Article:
Mercoledì, 26 Giugno 2019
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FLORENCE

Renzi 'counting on Abe's leadership' at bilateral meet

English
© ANSA

(supersedes previous)Florence, May 2 - Premier
Matteo Renzi said at an Italian-Japanese bilateral meeting in
Florence Monday marking 150 years of ties that he was counting
on Japanese Premier Shinzo Abe's G7 leadership to boost world
growth.
"In less than a month, Japan will host the G7...I'm really
counting on Abe's leadership on economic growth," Renzi said.
Abe said "I and Matteo shared the awareness that the G7
countries are expected to accelerate structural reforms,
accompanied by a mobilisation of flexible fiscal policies, to
overcome the present crisis, prevent falling back into future
crises and stimulate world economic recovery".
He said the G7 would deliver a "strong message in this
direction".
Later during a visit to the southern city of Matera, which
is to be the 2019 European Capital of Culture, the Italian
premier extolled the need to invest in culture as a way to fight
the rise pf homegrown religious fundamentalism.
"We need culture and we need foreign policy," he said.
"Europe is in crisis, not because they're coming in to hurt us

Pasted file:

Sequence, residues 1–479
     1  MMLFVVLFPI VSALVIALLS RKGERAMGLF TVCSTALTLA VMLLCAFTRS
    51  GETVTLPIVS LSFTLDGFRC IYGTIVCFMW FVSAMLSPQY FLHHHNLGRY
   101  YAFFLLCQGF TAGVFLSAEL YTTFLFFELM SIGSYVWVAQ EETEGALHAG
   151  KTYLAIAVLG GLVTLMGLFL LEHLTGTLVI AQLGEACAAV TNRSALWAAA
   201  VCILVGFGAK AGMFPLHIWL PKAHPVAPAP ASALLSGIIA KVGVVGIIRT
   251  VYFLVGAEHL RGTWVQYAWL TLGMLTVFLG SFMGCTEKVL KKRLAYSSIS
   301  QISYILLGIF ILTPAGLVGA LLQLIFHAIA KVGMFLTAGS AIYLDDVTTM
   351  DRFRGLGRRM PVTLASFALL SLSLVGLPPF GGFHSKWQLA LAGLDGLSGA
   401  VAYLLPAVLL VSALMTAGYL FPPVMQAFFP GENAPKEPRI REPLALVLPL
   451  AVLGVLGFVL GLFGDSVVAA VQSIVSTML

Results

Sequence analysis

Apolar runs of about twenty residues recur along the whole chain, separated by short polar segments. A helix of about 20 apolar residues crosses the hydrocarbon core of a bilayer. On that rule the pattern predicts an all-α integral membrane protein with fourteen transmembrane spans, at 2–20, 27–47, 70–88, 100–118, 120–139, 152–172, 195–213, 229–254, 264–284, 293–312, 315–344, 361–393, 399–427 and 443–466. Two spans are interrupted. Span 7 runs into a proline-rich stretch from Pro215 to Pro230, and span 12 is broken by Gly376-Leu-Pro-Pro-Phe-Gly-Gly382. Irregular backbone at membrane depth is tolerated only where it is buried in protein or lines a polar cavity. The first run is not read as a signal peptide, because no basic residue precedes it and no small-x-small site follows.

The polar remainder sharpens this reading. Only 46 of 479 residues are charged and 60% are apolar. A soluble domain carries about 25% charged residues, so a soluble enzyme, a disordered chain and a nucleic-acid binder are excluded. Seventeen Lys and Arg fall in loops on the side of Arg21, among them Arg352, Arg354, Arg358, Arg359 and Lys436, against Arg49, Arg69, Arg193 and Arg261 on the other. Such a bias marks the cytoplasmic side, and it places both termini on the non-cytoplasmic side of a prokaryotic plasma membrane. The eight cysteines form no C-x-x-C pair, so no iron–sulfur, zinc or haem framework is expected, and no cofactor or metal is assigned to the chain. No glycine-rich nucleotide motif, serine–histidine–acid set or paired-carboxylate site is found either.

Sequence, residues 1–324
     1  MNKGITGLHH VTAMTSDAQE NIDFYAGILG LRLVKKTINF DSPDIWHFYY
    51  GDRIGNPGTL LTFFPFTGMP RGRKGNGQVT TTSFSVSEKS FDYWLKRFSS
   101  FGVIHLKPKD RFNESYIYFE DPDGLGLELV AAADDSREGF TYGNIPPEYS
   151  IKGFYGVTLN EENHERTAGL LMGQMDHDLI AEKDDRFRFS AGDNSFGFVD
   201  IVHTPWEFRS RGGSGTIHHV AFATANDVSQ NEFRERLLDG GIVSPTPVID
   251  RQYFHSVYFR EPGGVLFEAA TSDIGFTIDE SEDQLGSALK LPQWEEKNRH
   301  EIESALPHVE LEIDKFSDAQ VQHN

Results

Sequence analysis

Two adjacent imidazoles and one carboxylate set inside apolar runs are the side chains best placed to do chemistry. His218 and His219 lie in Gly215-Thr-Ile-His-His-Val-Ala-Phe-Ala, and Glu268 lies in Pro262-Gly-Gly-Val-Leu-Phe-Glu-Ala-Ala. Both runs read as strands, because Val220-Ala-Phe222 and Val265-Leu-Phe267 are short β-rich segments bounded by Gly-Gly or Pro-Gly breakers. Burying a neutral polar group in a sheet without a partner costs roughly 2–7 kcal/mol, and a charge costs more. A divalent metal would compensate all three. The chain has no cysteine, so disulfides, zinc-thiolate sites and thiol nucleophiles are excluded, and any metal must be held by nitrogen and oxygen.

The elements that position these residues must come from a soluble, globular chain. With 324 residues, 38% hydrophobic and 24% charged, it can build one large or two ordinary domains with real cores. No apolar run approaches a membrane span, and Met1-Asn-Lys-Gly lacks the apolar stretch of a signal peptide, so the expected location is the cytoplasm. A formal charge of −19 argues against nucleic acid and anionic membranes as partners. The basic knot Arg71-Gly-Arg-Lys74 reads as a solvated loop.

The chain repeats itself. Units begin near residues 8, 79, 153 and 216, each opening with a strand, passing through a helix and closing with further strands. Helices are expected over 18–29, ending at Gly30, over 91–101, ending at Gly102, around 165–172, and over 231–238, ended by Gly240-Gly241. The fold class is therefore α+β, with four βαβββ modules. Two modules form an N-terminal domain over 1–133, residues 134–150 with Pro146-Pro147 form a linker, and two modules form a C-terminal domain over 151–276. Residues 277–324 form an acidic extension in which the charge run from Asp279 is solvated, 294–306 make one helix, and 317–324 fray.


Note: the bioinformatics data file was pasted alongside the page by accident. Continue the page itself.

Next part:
from abroad but because there is an identity crisis going on in
our suburbs - fanaticism has grown in the hearts of our cities".
The premier also touched on crime and the Mafia.
"Fighting corruption without mercy means bringing the
culprits to trial," he said. "It doesn't mean saying 'they're
all the same, they all steal'. Those who say so are doing a
favour to the thieves, who must be put in jail".
Renzi was speaking after a row over ANM magistrates' union
chief Piercamillo Davigo, who said politicians hadn't stopped
stealing, just being ashamed of it.
The government has vowed to pass a law extending the
statute of limitations on many crimes, especially graft, to stop
so many trials timing out.
The premier also said there was an "emergency" in the fight
against "all forms of lawlessness, against the organised crime
of the (Sicilian) Mafia, the (Neapolitan) Camorra and the
(Calabrian) 'Ndrangheta".
Renzi recalled that on Saturday he paid his respects to
late Sicilian Communist politician Pio La Torre, who was gunned
down by Cosa Nostra in 1982 after he introduced the crime of
mafia conspiracy and framed a law on the seizure of organized
crime assets.
Renzi also recounted how United States President Barack
Obama laughed when he told him Italy has had 63 governments in
70 years.
"I don't want Italy to be laughed at," Renzi said. "I want
it to become a stable country where winners govern and citizens
choose".
Renzi's Italicum electoral reform law has changed the rules
to ensure the next general election produces a clear winner,
which has not always been the case in the past.

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